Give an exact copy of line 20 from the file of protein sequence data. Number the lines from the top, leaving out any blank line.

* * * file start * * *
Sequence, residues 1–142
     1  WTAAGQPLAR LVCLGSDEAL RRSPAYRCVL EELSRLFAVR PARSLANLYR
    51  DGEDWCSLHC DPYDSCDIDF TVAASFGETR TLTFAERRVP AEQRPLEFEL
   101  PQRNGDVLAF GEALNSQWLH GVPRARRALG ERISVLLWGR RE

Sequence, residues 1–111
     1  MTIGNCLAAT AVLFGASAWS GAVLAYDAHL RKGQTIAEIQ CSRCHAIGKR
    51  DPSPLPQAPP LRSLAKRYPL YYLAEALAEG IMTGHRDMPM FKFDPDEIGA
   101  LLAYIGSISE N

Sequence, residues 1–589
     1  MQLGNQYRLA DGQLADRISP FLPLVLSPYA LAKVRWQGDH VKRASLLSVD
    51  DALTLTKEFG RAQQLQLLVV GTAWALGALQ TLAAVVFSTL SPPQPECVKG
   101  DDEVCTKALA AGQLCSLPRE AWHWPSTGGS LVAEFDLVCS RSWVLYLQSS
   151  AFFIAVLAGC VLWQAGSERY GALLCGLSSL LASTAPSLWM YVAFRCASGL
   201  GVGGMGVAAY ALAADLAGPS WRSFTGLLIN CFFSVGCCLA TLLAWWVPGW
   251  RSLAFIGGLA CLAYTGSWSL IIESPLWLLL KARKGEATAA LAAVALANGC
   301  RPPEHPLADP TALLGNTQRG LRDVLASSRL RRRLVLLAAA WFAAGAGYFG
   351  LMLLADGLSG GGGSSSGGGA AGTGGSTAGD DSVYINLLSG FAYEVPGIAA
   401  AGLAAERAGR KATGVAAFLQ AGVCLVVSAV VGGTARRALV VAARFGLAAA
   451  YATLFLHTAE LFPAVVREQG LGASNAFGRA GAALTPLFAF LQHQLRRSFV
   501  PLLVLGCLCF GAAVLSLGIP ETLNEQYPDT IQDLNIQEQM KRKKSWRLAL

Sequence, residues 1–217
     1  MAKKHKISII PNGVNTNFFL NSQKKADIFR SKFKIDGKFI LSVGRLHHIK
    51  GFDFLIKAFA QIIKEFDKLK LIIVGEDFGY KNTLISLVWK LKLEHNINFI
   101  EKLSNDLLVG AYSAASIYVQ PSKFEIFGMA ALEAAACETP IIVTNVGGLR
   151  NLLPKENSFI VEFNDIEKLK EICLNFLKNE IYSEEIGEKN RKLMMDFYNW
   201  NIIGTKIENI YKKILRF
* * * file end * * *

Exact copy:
   501  PLLVLGCLCF GAAVLSLGIP ETLNEQYPDT IQDLNIQEQM KRKKSWRLAL